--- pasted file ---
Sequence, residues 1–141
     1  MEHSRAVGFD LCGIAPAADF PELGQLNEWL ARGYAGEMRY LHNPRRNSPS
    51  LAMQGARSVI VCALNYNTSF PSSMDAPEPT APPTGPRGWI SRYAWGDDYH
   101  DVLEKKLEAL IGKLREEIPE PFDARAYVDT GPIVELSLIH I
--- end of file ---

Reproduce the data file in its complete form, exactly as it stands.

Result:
Sequence, residues 1–141
     1  MEHSRAVGFD LCGIAPAADF PELGQLNEWL ARGYAGEMRY LHNPRRNSPS
    51  LAMQGARSVI VCALNYNTSF PSSMDAPEPT APPTGPRGWI SRYAWGDDYH
   101  DVLEKKLEAL IGKLREEIPE PFDARAYVDT GPIVELSLIH I